What’s the difference between counselling & psychotherapy?
Counselling and psychotherapy share a common task - to help people who have exhausted their own emotional and psychological resources to find a better way of managing what has become unmanageable. Counsellors and psychotherapists are doing very similar work, but psychotherapists will usually have completed a longer training, often at postgraduate degree level, and had more rigorous demands placed on them in terms of the amount of personal therapy they must have completed in order to qualify for accreditation or registration. Some would say that psychotherapists work longer term than counsellors, but this is not necessarily the case.
What kind of problems can you help me with?
People most often come forward with difficulties maintaining or establishing intimate relationships. Many are trying to manage high levels of worry and anxiety, and many are dealing with what is often called depression, or low mood, or ‘stress’. Sometimes this is a more serious depression that has required the help of a GP and medication.
Some clients are trying to resolve long-standing problems which they have tried and failed to resolve themselves. Many identify ‘poor self esteem’ as a central concern. A number are wrestling with issues to do with sex or sexuality, or the consequences of childhood difficulties, of whatever kind. Others are struggling to come to terms with a loss, either through bereavement or separation.
... so like a forgotten fire, a childhood can always flare up again within us.
The Poetics of Reverie
If we were not so single-minded about keeping our lives moving, and for once could do nothing, perhaps a huge silence might interrupt this sadness of never understanding ourselves.
Diplomat, politician, poet & civil rights activist
How long will it take?
There is a general tendency for people to compare their emotional and psychological difficulties with medical notions of ‘disease’ and ‘treatment’. This is a false analogy and can lead to confused expectations when approaching a counsellor or therapist. Progress in therapy tends to proceed in fits and starts, with periods of relief being mixed up with periods of confusion and disorientation. Negotiating this uneven path is an inevitable and necessary process in any therapeutic work. Research seems to suggest that one of the indicators of a good outcome in therapy is the degree to which you and I can build a robust and constructive alliance as we work. This in turn determines something about the time it will take to work through what has been causing the unrest or disturbance.
Are sessions confidential?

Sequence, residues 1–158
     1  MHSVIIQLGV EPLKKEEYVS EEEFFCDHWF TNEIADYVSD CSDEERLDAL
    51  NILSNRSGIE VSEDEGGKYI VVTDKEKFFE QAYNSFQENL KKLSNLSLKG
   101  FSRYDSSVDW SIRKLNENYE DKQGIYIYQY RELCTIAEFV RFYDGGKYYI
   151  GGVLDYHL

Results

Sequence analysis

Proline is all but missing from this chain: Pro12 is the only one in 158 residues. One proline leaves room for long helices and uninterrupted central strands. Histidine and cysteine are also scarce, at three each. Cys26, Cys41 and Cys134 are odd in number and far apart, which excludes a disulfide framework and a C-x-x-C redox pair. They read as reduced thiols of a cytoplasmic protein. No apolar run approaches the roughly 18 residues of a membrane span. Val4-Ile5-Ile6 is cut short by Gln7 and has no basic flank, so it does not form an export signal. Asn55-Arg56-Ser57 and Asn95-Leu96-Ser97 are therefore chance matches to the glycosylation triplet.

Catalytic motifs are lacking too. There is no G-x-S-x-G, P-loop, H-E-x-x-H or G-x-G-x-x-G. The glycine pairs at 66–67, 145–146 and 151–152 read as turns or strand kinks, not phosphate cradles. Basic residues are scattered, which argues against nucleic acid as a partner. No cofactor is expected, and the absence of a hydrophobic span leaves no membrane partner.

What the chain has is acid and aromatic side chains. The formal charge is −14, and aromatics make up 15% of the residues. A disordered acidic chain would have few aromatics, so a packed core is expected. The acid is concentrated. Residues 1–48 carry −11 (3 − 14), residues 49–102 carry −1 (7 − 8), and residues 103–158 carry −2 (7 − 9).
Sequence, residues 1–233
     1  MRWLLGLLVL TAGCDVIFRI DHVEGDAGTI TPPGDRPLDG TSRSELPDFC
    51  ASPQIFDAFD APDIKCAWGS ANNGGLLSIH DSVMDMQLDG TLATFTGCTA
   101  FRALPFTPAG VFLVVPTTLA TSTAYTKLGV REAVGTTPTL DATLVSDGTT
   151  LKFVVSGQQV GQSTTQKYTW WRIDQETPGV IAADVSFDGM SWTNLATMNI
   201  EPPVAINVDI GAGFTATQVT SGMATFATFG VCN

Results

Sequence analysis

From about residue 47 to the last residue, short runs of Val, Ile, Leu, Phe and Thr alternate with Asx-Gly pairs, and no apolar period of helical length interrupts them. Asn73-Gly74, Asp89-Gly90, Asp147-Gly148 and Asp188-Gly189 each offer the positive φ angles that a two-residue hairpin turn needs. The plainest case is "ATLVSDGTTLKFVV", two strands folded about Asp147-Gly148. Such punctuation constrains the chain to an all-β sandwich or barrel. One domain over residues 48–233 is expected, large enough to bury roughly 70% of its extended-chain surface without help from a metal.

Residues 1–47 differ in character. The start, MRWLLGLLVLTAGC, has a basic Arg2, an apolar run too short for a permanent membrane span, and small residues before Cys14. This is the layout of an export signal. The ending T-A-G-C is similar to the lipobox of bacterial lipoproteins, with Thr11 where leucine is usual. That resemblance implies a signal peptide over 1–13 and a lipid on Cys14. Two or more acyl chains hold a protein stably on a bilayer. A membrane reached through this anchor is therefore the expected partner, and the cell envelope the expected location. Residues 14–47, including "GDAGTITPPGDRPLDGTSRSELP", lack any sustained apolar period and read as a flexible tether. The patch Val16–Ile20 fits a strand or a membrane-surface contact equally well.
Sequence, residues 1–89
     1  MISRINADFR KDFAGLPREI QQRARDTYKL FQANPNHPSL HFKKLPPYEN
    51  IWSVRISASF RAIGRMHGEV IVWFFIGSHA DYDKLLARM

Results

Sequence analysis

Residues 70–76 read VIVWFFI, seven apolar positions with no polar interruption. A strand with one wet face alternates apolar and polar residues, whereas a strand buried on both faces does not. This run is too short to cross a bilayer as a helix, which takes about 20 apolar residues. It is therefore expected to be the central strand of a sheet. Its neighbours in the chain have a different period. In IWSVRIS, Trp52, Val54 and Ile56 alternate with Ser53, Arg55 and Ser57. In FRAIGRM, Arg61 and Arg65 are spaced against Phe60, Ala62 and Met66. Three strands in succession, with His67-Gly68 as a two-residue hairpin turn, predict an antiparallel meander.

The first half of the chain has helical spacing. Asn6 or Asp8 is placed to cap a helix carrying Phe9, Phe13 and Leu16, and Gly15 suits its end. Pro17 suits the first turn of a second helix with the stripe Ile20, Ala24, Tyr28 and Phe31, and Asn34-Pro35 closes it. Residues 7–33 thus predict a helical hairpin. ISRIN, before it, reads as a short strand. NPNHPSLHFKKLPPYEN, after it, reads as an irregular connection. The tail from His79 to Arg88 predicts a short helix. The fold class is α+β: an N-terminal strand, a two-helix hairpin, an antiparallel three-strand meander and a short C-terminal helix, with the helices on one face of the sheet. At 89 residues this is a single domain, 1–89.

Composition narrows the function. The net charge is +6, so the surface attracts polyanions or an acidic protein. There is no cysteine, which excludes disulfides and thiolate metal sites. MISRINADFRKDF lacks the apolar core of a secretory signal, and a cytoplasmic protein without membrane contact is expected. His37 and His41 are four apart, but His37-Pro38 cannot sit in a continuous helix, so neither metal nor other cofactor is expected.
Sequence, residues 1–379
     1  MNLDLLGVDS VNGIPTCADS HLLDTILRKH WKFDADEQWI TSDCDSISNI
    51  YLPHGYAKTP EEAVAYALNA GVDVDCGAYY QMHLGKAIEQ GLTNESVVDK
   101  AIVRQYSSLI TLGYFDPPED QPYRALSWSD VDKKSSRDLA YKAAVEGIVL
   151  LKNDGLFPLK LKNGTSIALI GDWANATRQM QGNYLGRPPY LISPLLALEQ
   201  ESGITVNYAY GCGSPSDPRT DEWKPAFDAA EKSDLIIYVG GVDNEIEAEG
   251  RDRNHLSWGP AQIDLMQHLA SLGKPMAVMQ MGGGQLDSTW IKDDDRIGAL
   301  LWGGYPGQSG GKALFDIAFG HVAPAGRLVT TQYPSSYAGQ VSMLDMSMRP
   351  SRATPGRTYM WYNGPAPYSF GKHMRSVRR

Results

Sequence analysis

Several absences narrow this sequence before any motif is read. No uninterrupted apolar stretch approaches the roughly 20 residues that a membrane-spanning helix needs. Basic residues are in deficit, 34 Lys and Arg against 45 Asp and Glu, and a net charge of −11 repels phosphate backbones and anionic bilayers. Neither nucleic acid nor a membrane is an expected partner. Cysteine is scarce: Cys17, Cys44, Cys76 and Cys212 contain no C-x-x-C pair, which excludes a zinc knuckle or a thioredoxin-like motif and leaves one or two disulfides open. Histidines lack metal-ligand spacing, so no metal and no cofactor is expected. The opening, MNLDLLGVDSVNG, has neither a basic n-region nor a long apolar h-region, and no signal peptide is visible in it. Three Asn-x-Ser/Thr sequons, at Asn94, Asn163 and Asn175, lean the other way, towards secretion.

What is talked about in the privacy of my consulting room is strictly confidential. However, I am ethically bound to receive supervision from a senior colleague where I will discuss aspects of the work I am doing with you. When discussing my work you will always be referred to by your first name only, and certainly never identified beyond that. My supervisor is also bound by professional ethical codes regarding the safeguarding of your confidentiality. There are also one or two instances where the law obliges me to break confidentiality but these are very rare and unusual circumstances and will be discussed with you at the outset.
Can I apply through my health insurance company?
I am an approved healthcare provider for the following companies:
Aviva UK Health Cigna Health PruHealth
Western Provident Association Ltd
I have tried to answer here some of the more usual questions that people have when approaching a counsellor or therapist for help. It is not an exhaustive account so please get in touch if there are other more pressing questions you would like to ask before committing to a face to face meeting (my contact details are ☞ here).
Sometimes my clients are managing their lives pretty well. Life is, on the whole, going well enough. But there is somewhere a gnawing sense that they are not as fulfilled as they might be. Some are looking for help understanding a stunted or blocked creativity, or wanting to find ways of making their lives more meaningful and enriching.
But often enough my clients don’t know what it is exactly that troubles them. What they do know is that they need a space in which they can talk and reflect and think ...
What can I expect when I phone you?
You will probably reach my answer-phone. Leave a short message with a your number and a time I can reach you and I’ll get back to you promptly. When we speak I’ll want to know a little about what is troubling you, whether you’ve had any help from a counsellor or therapist before, and what you might be looking for. If I think I can offer something helpful I’ll suggest a face to face meeting.
What can I expect at the first meeting?
The decision to enter into therapeutic work is a serious one, and no doubt one that you, as a prospective client, have thought about a great deal. In the first session I’ll ask a fair number of questions in an attempt to understand as much as I can as quickly as I can. I’ll also be trying to determine if I am a suitable match for you - temperamentally. It is important that there is enough sense of ‘fit’ between us if we are to work well. This first meeting is also an opportunity for you to ask questions about me and the process of counselling/therapy. On occasion the process of making a decision to commence will take more than one session. If we decide to go ahead and make a start we will make that decision together.
Reality is what we take to be true. What we take to be true is what we believe ... What we believe determines what we take to be true.